What is even more important about Green's Theorem is that it applies just as well for regions R on surfaces that are locally planar: that is, that look like a plane in tiny pieces of them, (like the surface of the earth.) We can break R up into tiny pieces each one looking planar, apply Green's theorem on each and add up the mess to get the same theorem on all of R. The result is called Stokes' Theorem, and it reads,
Theorem: With R an arbitrary reasonably smooth and nice region on a surface that is locally planar, and with R its boundary, we have
This theorem is extremely important in the history of science, as we shall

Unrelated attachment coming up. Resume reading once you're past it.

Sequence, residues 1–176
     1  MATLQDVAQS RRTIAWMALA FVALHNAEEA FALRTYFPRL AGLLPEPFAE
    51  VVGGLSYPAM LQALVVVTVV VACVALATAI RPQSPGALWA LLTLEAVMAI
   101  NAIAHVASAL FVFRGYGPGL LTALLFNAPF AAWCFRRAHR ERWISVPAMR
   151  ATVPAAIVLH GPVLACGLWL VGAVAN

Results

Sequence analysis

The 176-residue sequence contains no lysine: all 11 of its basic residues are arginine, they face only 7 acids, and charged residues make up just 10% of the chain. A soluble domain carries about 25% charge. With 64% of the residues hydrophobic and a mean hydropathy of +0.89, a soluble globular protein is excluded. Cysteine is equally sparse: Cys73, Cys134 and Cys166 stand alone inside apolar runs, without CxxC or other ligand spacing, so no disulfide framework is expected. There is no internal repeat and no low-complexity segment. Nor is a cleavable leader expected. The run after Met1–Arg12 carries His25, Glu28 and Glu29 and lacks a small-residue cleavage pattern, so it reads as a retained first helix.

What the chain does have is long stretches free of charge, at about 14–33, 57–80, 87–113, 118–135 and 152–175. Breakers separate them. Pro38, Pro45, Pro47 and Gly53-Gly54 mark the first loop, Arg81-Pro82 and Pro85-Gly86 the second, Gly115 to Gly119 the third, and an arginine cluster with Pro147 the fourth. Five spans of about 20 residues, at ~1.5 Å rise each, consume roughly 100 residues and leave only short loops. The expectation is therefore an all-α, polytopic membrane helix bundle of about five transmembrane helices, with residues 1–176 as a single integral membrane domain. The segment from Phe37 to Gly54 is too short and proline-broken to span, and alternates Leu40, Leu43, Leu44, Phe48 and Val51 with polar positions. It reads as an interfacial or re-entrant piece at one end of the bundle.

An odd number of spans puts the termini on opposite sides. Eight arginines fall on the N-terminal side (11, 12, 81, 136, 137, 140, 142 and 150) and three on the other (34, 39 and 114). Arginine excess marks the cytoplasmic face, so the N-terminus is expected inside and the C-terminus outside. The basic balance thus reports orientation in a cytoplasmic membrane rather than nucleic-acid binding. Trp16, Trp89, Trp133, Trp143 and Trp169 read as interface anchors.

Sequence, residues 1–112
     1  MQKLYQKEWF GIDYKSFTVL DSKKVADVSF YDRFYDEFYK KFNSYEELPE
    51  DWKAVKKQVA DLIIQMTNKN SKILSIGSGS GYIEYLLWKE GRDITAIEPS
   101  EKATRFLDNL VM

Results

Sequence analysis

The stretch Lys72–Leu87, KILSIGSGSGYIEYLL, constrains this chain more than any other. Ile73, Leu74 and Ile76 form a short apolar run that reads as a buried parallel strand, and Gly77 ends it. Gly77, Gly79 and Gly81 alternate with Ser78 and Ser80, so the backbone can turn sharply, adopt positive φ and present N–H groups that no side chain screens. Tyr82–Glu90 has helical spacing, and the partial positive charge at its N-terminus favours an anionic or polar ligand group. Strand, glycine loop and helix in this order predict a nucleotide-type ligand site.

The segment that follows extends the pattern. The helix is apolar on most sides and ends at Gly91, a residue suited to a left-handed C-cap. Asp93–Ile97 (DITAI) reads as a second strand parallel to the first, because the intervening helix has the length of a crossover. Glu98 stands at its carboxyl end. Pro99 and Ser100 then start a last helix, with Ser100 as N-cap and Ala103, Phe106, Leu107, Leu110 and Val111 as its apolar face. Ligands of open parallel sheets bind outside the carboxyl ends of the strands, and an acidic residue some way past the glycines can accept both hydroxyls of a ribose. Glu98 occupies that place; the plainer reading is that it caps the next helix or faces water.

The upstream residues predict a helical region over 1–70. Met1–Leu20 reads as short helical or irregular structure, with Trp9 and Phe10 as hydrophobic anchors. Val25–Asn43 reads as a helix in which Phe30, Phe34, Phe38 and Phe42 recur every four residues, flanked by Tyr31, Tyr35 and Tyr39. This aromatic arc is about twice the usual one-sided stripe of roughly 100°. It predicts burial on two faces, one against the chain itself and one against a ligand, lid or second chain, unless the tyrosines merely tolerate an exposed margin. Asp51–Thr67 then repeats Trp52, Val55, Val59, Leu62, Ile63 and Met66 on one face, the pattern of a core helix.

see. It not only supplies the interpretation of the curl of a vector field previously
mentioned, but (along with the Divergence Theorem) gives a direct connection
between macroscopic integral laws and differential equations that played an
important role in the discovery of the laws of electrodynamics and the development
of radio and wireless communication.
We can use it as a tool for rewriting integrals of one kind as integrals of another and for proving peculiar facts about irrotational fields (those for which curl = 0).
It can be stated in the following form: the circulation integral of v over a bounding curve is the flux integral of the curl of v over any surface it bounds.
Notice that this theorem immediately implies that if R is simply connected and curl v = 0 throughout it, then the potential f (with v =f) defined as path integral is path independent.